Destination brand presence critical to convincing event owners: planners

Destinations that have maintained their marketing investment throughout the pandemic years are most likely to be the ones to win the hearts of corporate meeting and incentive trip planners today, say agencies.

Rodney Yew, director of Kent Holidays in Singapore, told TTGmice at AIME 2023 that he has “several” corporate meetings and incentive movements bound for Australia this year alone, with most heading to Melbourne and Sydney. These groups from the Middle East and Asia will involve 250 to 350 delegates altogether.

Ketut: leverage the influence of event planners

“And more are likely to materialise since it is only early part of 2023 now,” he added.

“Australian cities maintained strong destination marketing throughout the years when travel to the country was not possible, and that made our clients missed or desired the country a lot,” Yew explained.

Fioren Cahyadi, travel services manager with Destination Tour in Indonesia, too, finds that a good reputation makes it easier to pitch the destination. For her team, Japan and Thailand are easy sells.

Yew said Thailand and Singapore are also strong contenders too, as both have been active with destination marketing and trade engagements during the travel disruption.

Underlining the importance of the destination brand, Ketut Jaman, managing director of Melali MICE in Indonesia said Bali has continued to be a popular corporate meeting and incentive travel destination despite having reduced its destination marketing in recent years.

“Bali is now well known for so many things – its culture and nature, as a tourism hub of the country with excellent infrastructure and variety of attractions and cuisines, good air access provided by both international and domestic airlines, and tourism products available across a wide price range. And it is all because of previous effective marketing and an ongoing good events track record. So, even though central government-led marketing is not as intensive as before, and not as intensive as other MICE cities now, Bali continues to impress,” Ketut said.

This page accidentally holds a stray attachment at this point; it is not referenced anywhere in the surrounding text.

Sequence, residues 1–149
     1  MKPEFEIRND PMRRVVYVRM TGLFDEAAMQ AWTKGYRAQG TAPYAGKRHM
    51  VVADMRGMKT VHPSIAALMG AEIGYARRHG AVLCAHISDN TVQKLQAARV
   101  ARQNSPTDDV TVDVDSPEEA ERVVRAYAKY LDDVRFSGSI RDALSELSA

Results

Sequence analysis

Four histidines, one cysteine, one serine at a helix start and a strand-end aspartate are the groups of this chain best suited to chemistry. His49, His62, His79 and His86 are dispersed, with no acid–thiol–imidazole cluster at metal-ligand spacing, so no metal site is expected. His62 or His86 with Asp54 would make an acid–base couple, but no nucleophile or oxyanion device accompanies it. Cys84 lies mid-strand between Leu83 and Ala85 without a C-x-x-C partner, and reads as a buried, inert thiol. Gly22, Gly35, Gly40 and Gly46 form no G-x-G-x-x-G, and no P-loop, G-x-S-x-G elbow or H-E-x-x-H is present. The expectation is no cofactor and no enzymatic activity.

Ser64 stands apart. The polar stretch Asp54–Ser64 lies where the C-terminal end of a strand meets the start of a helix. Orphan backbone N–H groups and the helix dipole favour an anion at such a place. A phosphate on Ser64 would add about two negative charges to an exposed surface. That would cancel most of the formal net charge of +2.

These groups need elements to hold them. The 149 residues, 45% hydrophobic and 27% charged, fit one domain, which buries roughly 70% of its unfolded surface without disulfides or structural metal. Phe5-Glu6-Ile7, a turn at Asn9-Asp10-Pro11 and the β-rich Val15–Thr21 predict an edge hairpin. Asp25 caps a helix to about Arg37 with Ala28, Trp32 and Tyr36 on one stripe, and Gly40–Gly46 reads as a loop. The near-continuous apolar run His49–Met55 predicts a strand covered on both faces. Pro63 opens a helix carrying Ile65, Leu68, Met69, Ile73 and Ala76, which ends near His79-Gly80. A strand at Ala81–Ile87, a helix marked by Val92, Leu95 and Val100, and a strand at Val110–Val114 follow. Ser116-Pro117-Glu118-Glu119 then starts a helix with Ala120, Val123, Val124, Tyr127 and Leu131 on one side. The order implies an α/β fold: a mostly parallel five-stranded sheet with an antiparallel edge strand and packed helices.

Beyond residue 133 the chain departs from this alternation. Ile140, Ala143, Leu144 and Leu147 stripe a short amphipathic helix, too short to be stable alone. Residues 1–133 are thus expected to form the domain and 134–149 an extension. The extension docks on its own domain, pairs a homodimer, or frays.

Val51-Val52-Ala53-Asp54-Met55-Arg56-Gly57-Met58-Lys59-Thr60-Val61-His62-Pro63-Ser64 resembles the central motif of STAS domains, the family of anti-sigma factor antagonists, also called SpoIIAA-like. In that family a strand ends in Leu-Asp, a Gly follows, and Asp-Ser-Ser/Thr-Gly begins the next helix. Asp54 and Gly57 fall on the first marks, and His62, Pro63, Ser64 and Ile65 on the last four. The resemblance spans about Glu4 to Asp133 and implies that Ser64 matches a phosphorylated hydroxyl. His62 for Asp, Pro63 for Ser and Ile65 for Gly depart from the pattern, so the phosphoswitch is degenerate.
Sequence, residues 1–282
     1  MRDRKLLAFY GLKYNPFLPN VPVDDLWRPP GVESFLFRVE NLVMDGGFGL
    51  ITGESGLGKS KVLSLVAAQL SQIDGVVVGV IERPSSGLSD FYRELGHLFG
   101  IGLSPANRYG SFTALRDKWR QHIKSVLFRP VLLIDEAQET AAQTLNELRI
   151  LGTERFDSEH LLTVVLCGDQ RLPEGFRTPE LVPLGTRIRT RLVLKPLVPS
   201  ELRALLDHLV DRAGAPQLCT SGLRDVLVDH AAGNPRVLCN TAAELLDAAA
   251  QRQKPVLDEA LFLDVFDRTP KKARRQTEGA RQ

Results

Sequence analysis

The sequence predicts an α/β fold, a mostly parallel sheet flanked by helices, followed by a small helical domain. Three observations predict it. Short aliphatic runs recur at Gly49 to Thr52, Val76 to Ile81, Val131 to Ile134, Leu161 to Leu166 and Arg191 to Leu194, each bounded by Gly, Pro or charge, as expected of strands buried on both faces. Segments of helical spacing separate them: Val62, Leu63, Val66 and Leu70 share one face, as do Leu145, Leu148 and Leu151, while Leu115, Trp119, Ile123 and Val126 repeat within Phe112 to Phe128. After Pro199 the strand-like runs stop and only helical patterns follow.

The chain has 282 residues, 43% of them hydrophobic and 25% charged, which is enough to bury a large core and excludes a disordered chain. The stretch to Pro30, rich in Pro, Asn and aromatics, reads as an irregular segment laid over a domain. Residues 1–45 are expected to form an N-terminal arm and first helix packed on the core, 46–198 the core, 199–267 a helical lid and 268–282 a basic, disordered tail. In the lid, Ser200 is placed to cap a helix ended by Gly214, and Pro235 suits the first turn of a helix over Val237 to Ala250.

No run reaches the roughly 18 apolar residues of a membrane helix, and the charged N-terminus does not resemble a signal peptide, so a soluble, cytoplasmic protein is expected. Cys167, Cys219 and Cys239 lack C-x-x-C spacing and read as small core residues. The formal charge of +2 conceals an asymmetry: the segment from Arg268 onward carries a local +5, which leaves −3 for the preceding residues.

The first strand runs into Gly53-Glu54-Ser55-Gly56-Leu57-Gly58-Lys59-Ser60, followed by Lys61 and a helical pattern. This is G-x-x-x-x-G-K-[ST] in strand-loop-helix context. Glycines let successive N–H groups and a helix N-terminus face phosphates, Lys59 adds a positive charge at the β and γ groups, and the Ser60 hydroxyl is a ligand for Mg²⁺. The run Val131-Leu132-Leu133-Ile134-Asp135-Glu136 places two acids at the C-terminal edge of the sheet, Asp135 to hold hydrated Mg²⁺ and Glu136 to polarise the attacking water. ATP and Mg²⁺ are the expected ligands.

Having said that, Ketut noted that the destination reputation would only open initial doors to clients’ hearts. For destinations to ultimately secure clients’ sign-off, their reputation must be matched by the practicalities of good accessibility, suitable infrastructure and potential to meet event owners’ objectives.

“For instance, Indonesian banking institutions will prioritise destinations that are advanced with fin-tech, while government agencies will prefer to meet in cities where there is both political stability and progress,” he elaborated.

Fioren observes that after reputation comes cost, as well as the destination’s ability to fulfil the client’s travel and event objectives and to take in large groups at last minute’s notice – the latter being a common occurrence today.

Costs, according to Yew and Fioren are especially scrunitised today, amid a backdrop of inflation and restricted budgets.

If the client insists on pricey destinations like Japan, Fioren said they would then trim expenses by choosing cheaper accommodation, shorter duration – “perhaps just five-days and three-nights” ­– and more affordable flights.

When asked if emerging destinations without deep marketing pockets would lose out to savvy competitors, Ketut said they could still catch up by laying the groundwork ­­– establish sufficient air links, events infrastructure and a trained service team – then relying on leading event agencies to influence clients’ decision.

“Very often, our clients will ask us which city is better for meetings and take our inputs seriously,” said Ketut.

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